- Under safe harbor #1, plans can arrange to provide OTC tests directly to employees through their pharmacy networks, preferred retailers, and direct-to-consumer shipping programs. Reimbursements to employees who buy tests outside those networks may be limited to the lower of $12 per test or the actual cost ($24 for test kits with two tests per pack).
- Under safe harbor #2, plans can reimburse employees instead of providing tests directly. Plans choosing to reimburse employees may limit reimbursement of OTC tests to eight tests per 30-day period or calendar month per enrollee.
Safe harbor #1 appears to be less desirable for insurers, since they’d have to do a lot more up-front work when compared to just cutting checks back to employees. Employees, on the other hand, would probably prefer safe harbor #1, since they incur no immediate out-of-pocket costs.
So to enhance the viability of safe harbor #1, the departments have issued a further set of FAQs, which became effective Feb. 4, 2022.
One safe harbor, two options
The only tests covered by these rules, according to the FAQs, are FDA-approved OTC tests. Excluded are tests using self-collected samples, but that require processing by a lab or other health-care provider to return results (e.g., home-collection PCR tests).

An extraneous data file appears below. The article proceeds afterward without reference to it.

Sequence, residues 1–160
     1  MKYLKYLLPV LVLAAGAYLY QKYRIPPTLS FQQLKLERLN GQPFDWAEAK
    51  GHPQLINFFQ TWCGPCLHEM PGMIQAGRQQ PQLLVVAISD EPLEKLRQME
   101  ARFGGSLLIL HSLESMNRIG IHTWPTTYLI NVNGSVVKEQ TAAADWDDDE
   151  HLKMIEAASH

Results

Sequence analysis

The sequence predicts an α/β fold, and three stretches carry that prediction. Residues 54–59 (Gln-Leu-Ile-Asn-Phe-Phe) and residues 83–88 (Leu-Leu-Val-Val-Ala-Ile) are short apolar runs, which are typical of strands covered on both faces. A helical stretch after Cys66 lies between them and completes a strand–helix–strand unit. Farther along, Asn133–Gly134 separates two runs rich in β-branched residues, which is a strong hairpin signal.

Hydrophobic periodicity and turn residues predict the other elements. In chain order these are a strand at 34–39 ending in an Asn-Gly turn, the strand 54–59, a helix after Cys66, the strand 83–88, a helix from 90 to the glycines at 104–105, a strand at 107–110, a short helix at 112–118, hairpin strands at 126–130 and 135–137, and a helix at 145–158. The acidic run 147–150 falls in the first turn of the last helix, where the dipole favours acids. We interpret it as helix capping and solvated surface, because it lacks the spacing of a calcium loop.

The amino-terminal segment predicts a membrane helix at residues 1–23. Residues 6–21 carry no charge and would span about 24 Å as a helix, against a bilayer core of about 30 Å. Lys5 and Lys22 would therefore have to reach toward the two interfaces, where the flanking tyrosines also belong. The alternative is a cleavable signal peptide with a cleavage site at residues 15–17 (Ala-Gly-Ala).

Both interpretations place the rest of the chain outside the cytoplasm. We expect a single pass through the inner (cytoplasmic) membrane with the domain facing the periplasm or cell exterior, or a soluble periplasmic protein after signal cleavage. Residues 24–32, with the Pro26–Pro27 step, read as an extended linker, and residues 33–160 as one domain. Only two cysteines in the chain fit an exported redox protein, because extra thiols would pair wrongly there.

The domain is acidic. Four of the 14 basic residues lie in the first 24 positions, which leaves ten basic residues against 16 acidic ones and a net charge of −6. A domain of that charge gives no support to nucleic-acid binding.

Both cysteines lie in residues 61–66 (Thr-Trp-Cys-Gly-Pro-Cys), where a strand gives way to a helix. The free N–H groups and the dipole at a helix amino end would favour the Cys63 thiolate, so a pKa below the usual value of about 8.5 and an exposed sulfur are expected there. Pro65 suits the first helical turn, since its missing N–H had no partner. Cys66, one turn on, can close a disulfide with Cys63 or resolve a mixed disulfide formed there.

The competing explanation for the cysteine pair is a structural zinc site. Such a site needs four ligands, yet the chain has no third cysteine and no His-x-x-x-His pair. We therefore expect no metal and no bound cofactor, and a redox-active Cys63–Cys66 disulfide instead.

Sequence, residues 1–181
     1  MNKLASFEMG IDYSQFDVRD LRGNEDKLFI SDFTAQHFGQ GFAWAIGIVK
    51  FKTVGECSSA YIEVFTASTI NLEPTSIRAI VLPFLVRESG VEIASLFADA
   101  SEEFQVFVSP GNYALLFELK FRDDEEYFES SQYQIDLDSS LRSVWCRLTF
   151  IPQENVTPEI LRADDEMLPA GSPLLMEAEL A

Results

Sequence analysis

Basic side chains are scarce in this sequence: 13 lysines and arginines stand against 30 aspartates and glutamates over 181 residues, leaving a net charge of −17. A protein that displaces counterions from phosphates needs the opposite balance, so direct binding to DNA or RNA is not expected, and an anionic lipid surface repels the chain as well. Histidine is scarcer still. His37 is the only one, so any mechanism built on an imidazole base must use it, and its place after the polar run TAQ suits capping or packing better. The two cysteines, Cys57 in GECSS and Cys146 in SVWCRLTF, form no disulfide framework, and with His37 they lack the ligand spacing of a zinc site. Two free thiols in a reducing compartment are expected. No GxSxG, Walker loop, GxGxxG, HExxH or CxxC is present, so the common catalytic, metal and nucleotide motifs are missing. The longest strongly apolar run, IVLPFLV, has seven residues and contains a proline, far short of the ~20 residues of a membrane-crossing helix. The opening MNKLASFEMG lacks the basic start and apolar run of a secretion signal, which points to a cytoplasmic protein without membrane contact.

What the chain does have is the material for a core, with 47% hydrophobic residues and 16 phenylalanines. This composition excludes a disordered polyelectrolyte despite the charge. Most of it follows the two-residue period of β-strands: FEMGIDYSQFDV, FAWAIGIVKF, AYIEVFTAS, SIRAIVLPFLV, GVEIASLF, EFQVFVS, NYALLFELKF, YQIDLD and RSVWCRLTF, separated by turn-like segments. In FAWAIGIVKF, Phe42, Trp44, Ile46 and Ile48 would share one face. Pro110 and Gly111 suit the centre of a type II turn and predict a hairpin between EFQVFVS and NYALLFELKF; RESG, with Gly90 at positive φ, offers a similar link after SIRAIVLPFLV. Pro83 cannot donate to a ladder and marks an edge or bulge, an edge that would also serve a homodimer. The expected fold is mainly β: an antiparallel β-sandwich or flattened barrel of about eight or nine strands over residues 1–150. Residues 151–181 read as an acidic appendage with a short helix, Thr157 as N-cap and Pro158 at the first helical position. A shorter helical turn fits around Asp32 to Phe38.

According to the FAQs, group plans have significant flexibility in how they establish direct-to-consumer shipping or direct coverage programs. Whether employees’ access under either of these options is adequate, depends on the facts and circumstances.
- Plans won’t run afoul of the safe harbor if they’re temporarily unable to provide adequate access due to supply shortages.
- Group plans covering small employers may be able to meet this standard if they cover only employees who live and work in a localized area and establish a distribution center at a nearby location.
Plans have two options.
Option #1: Direct-to-consumer mechanism. A direct-to-consumer shipping mechanism can include online or phone ordering and may be provided through pharmacies or other retailers, the plan directly, or another entity on the plan’s behalf.